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Barbara Smaller takes over The New Yorker‘s Daily Cartoon today, following Tom Toro.  Link here to see her first contribution.

Donnelly’s Olympic Tweet Drawings; Paul Karasik’s Winning 12 Panel Pitch; Maloney’s 1st New Yorker Cartoon Idea Sale

liza-olympics-roundup-01Liza Donnelly, who has been live Tweet drawing the Olympics, continues on tonight.  The New Yorker‘s “Sporting Scene” is showcasing her work here.

 

 

 

 

 

 

And.. Karasik Wins

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Paul Karasik (left) who has been contributing his cartoons to The New Yorker since 1999 has the winning 12 Panel Pitch for Slate Read all about it/ see it here.

Link here to his blog, Rules to Vivere ByLink here to his Wikipedia entry.

 

 

 

And…More Maloney

Back in March of 2013, I wrote a piece about Russell Maloney and his connection to The New Yorker‘s cartoons.  Since then I’ve acquired a copy of Maloney’s 1945 collection, It’s Still Maloney (cover by Richard Taylor, re-posted here.  The March scan wasn’t very good).

Maloney

In Maloney’s preface (“Author! Author!”) he tells us he will he provide a running commentary through the book — a nice touch —  and he also lets us in on his introduction to The New Yorker. He first sold the magazine an anecdote in “the dreadful summer of 1932” (for ten dollars), and then that same year:

One of the Boston newspapers informed me that The New Yorker artists did not always think up their own ideas for pictures, that the management paid outsiders for suggestions.  I sent in an account of a situation I thought would make a good Helen Hokinson picture — a lady librarian handing over a book to a patron with the admonishment, “Now don’t take this too literally, it’s symbolism” — and got paid for that: seven dollars.

 

And here’s the Hokinson drawing, caption by Maloney, published in The New Yorker,  January  7, 1933.

Hokinson:Maloney 1:7:33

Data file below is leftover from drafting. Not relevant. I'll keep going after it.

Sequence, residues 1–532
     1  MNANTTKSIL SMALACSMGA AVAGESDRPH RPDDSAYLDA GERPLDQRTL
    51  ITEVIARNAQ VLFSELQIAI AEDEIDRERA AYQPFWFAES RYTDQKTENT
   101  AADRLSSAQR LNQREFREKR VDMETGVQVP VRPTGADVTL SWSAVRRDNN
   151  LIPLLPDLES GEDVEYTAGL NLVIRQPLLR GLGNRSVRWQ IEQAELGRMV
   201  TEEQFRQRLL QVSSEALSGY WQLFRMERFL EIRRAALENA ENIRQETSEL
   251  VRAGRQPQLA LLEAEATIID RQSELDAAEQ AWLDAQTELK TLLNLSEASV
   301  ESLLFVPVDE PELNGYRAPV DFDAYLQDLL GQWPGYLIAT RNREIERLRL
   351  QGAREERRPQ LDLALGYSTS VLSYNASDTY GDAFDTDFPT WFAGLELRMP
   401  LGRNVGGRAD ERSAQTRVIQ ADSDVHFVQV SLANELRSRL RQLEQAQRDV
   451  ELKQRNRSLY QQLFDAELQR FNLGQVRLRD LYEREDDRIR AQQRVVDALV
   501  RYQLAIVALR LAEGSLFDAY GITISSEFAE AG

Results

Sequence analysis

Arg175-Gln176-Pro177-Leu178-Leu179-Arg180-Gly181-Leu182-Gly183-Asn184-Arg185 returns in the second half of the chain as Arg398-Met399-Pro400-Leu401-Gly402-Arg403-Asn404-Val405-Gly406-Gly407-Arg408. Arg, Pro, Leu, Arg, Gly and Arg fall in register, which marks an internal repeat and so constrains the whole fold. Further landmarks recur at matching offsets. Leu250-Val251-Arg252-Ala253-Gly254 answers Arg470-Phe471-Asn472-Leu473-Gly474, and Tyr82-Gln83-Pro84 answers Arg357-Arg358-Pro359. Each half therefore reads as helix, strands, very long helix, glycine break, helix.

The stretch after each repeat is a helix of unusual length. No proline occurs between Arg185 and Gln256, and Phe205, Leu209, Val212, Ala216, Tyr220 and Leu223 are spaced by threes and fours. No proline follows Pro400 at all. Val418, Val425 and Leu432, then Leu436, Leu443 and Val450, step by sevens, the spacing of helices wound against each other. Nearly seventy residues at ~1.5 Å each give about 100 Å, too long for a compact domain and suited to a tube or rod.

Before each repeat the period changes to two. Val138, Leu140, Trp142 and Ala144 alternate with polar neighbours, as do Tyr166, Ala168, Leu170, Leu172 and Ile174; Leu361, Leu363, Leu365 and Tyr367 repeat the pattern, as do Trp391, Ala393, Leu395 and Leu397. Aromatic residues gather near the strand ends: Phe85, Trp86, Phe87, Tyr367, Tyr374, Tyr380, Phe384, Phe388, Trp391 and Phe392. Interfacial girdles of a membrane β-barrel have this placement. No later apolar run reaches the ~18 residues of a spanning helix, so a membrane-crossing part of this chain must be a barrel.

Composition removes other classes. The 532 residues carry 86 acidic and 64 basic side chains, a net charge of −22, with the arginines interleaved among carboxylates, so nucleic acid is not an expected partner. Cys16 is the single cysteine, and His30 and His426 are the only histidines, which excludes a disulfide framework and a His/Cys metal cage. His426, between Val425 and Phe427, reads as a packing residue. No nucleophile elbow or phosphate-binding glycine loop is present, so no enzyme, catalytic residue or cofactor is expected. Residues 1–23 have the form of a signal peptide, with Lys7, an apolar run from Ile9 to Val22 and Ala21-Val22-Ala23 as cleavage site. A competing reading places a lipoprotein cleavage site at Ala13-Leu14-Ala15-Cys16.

Extra reading: Here’s Richard Taylor’s entry on Ink Spill‘s “New Yorker Cartoonists A-Z”:

 

Richard Taylor  (self portrait above from Meet the Artist) Born in Fort William, Ontario, Sept. 18, 1902. Died in 1970. NYer work: 1935 -1967. Collections: The Better Taylors ( Random House, 1944, and a reprint edition by World Publishing, 1945), Richard Taylor’s Wrong Bag (Simon & Schuster, 1961). Taylor also authored Introduction to Cartooning ( Watson -Guptill, 1947). From Taylor’s introduction: the “book is not intended to be a ‘course in cartooning’…instead, it attempts to outline a plan of study — something to be kept at the elbow to steer by.”

 

 

Liza Donnelly to Tweet Draw Sochi Opening Ceremony

 

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Liza Donnelly, who has been tweet drawing various high profile events of late, including the Grammys (see illustration to the left), The Golden Globes (seen on her website), The State of the Union Address, etc., will be on the job tonight during the Olympic opening ceremony.  Her work will be gathered on The New Yorker‘s website here.

 

See some of Donnelly’s New Yorker work here.

Below is Donnelly’s Ink SpillNew Yorker Cartoonists A-Z” entry:

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Liza Donnelly Born, Washington, D.C. NYer work: 1982 – Key book: Funny Ladies: The New Yorker’s Greatest Women Cartoonists and Their Cartoons (Prometheus, 2005).  Edited: Mothers & Daughters ( Ballantine, 1993), Fathers & Sons ( Ballantine, 1994), Sex & Sensibility: Ten Women Examine the Lunacy of Modern Love…in 200 Cartoons ( Twelve, 2008).  Co-authored with Michael Maslin:  Husbands & Wives ( Ballantine 1995),  Call Me When You Reach Nirvana ( Andrew & McMeel, 1995),  Cartoon Marriage ( with Michael Maslin) (Random House, 2009), When Do They Serve the Wine?( Chronicle, 2010).  Donnelly also wrote and illustrated a popular series of dinosaur books for children ( Dinosaur Day, Dinosaur Beach, Dinosaur Halloween, etc.) all published by Scholastic.  Website: http://www.lizadonnelly.com